If you’re only buying stocks – or options, or any security – hoping they will increase in value, you could be missing out on a lot of profits.
Markets move up and down – you know this because on the down days, you feel it right in your wallet.
But it doesn’t have to be that way.
Yes, shorting, like most things in trading, can be both risky and complicated. But it doesn’t have to be. And contrary to what many novice traders think, it’s certainly not “off limits” to ordinary investors.
Today I’m going to show you an easy (and possibly very profitable) way to play the markets when you think they’re about to head south.
An Easy Way to Go Short
When I’m bearish and want to bet stocks are headed lower, I generally like buying inverse exchange-traded funds (ETFs) based on the major market indexes.
ProShares Short Dow 30 (NYSEArca:DOG) for the Dow Jones Industrial Average, ProShares Short S&P 500 (NYSEArca:SH) to short the S&P 500, and ProShares Short QQQ (NYSEArca:PSQ) to bet the Nasdaq is headed lower.
If I’m extremely bearish, and I believe stocks are going to fall hard today or tomorrow, I’ll sometimes buy a leveraged short inverse ETF like the ProShares UltraPro Short S&P 500 (NYSEArca:SPXU). The UltraPro Short S&P fund is a “3x leveraged” inverse ETF. That means if the S&P 500 goes down 1% today, SPXU would go up 3% today.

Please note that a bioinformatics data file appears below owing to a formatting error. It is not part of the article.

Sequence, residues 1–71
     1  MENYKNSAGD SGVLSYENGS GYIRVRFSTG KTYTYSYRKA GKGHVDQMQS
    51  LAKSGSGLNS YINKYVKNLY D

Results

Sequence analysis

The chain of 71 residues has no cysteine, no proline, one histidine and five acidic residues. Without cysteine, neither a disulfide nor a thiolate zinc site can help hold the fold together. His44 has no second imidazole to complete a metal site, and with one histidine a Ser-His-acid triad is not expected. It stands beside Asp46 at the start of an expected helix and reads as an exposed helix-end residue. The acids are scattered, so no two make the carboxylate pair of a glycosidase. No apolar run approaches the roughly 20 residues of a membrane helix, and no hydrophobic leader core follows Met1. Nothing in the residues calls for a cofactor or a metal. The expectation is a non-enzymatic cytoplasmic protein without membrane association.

But this is important: Leveraged ETFs are only meant as short-term trading vehicles. That’s why I said “if I believe stocks are going to fall hard today or tomorrow.” Because of the way leveraged ETFs are priced, they’re “re-set” every day – they’re not good long-term holds.
In a perfect world, if your conviction is right and you buy a leveraged inverse ETF and stocks go down right away, and they keep going down for multiple days in succession, you’ll be a very happy camper.
I’m not greedy. If I have a straight run for a few days holding an inverse leveraged ETF, I’d take my profits as soon as I think the sell-off is over.
I wouldn’t wait another day, I’d ring the register and be happy. If I own an unleveraged inverse ETF like DOG, SH, or PSQ, I’d probably use a 5% to 10% stop to get out if the markets rallied. If you take small losses, you can get out and figure out where stocks are going and get back in if your timing was off but you think they’re going down again.
Now let’s look at one of my favorite plays: money…
Here’s the Trade for When Gold and Currencies Tank (or Skyrocket)
There are lots of leveraged gold ETFs. Here are some of my favorites. Just remember what I said about holding any leveraged ETF: they’re very short-term trading vehicles.
Another way to “leverage” gold on the upside (betting bullion is going higher) is to buy miners. Mining stocks move up a lot faster than gold itself in an up-trending gold market.
Currencies are a little bit different, but it’s not hard to trade their moves up or down. Don’t forget, you can’t just short one currency – all currencies are “priced” in terms of another currency, so they always trade as a “pair.”
If you think the euro is going down relative the U.S. dollar, you can actually sell short the CurrencyShares Euro ETF (NYSEArca: FXE). If you want a leveraged (2x) way to bet the euro is going down relative to the U.S. dollar, you can buy a popular inverse leveraged euro/dollar ETF, the ProShares UltraShort Euro (NYSEArca:EUO).